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Food scientist Taylor Wallace is on a mission to help people better understand nutrition, food and farming. He hosts a podcast, writes a blog at DrTaylorWallace.com and makes regular guest appearances on TV with the aim of helping people gain more knowledge about the food they eat. Since earning his PhD in food science, he has researched everything from ways tea can promote heart health to the gut microbiome. This summer, Wallace will publish his first cookbook Sizzling Science. His recipes use science to maximize deliciousness.
We talked with Wallace about innovation, nutrition and the future of farming.
Why did you want to be a food scientist?
I grew up in a small town in western Kentucky where obesity and related chronic diseases are rampant. There’s not a lot of access to fresh produce there. I joke sometimes that in Kentucky it’s hard to find a vegetable that’s not a French fry. Even when you go to the grocery store, the produce section is very limited. It’s a real barrier to improving health.
I realized that if I couldn’t get people to stop eating potato chips or other indulgent foods, I could look for innovations or technologies that could make those chips healthier or a better option for people. That’s what drove me to food science.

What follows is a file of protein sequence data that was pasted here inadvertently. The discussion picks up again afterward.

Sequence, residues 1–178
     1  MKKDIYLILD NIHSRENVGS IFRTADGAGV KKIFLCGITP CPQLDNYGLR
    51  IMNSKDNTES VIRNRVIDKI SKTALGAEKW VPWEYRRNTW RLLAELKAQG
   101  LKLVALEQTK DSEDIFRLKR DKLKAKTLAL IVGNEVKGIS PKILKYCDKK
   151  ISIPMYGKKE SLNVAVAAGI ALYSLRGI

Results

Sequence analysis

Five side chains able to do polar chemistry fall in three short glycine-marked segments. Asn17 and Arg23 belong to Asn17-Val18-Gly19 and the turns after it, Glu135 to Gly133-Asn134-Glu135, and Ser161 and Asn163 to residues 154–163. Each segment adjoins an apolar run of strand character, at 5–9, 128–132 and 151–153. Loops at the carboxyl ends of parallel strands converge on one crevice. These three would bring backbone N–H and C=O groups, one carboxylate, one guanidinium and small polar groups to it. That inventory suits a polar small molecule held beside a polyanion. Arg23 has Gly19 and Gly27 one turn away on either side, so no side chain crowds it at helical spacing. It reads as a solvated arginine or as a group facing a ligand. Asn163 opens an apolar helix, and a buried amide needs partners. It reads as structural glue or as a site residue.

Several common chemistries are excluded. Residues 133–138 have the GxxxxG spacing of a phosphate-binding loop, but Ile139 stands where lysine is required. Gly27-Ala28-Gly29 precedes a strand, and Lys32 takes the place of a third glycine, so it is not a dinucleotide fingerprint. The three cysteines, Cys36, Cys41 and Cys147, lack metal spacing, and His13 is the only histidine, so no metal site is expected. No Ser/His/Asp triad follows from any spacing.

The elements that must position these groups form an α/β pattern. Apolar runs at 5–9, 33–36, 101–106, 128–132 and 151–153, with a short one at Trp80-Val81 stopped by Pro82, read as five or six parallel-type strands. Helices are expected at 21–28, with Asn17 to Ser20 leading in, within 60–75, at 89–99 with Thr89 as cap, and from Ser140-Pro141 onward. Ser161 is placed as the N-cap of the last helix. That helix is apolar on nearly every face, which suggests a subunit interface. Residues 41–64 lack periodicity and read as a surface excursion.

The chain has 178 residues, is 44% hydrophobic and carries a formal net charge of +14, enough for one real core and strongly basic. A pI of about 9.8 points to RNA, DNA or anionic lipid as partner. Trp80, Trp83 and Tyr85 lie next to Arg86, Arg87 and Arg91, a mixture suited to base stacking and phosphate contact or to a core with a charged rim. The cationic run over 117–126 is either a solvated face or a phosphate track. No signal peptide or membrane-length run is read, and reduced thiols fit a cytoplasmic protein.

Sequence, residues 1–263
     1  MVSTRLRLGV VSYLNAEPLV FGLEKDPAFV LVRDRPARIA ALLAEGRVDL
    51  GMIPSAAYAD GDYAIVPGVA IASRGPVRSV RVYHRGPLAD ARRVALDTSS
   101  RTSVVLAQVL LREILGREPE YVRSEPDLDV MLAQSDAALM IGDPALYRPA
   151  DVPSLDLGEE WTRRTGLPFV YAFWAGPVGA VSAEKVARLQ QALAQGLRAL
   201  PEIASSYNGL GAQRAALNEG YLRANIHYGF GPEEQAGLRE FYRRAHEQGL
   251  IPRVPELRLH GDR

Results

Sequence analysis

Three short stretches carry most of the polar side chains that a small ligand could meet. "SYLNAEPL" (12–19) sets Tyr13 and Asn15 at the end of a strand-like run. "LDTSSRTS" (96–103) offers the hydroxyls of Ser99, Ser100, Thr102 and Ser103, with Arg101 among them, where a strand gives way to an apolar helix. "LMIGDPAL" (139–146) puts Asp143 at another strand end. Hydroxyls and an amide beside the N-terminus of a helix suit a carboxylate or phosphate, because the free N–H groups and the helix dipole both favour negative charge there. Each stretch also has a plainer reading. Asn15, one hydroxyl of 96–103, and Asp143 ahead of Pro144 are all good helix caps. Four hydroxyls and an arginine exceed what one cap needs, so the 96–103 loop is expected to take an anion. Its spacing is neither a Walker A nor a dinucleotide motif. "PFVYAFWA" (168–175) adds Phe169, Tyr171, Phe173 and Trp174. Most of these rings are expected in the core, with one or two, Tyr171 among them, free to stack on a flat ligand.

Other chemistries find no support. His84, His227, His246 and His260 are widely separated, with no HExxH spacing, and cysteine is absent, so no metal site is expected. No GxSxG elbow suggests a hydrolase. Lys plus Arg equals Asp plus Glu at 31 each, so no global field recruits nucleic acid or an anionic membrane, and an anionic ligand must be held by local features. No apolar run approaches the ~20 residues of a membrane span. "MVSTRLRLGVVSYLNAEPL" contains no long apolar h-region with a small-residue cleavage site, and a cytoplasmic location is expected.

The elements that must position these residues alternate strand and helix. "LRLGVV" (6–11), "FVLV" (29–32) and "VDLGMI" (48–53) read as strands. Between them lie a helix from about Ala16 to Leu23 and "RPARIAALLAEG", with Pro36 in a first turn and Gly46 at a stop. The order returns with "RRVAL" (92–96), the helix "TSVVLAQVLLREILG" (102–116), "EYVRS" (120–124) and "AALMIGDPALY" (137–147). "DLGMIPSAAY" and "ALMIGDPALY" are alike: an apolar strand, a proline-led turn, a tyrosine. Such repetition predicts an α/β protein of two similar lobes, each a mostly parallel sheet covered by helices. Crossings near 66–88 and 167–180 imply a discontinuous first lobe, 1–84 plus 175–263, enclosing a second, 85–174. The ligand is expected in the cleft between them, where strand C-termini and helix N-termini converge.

How can innovations such as gene editing improve nutrition?
Even in the U.S., we still have large portions of the population that don’t meet their nutrient requirements. Their diet doesn’t provide the vitamins and minerals they need to thrive. With gene editing, we can make small changes to the genetic code of fruit or vegetables that can help boost their nutrient levels. It could help increase the vitamin and mineral contents of plants, particularly those staple crops we eat a lot of — potatoes, corn, soybeans and wheat.
At the same time, gene editing has the ability to help us better preserve our farm land and help use less water.
The same sort of genetic tweaks scientists use to increase the amount of nutrients in fruits and vegetables can be used to increase a plant’s yields. So, we could grow the same amount of food, or more, on less land. Similarly, researchers have developed drought-tolerant crops, that are able to produce food with less water.
And it can help reduce food waste, a top contributor to greenhouse gas emissions. Forty percent of food wasted is fresh produce because many people are like me and go away for a week without cleaning out their refrigerator before leaving. When they get back, their food has browned. Foods that don’t brown as easily, which researchers are developing using gene editing, could prevent that — and a lot of food waste.
There’s endless potential for this technology. I really believe that gene editing is going to save the planet. Right now, we have seven billion people on the planet. Soon, we’ll have 11 billion. We don’t have the means to feed the current population as is, let alone another four billion people. To sustainably feed this growing population, we need crops that use less water, land and other resources.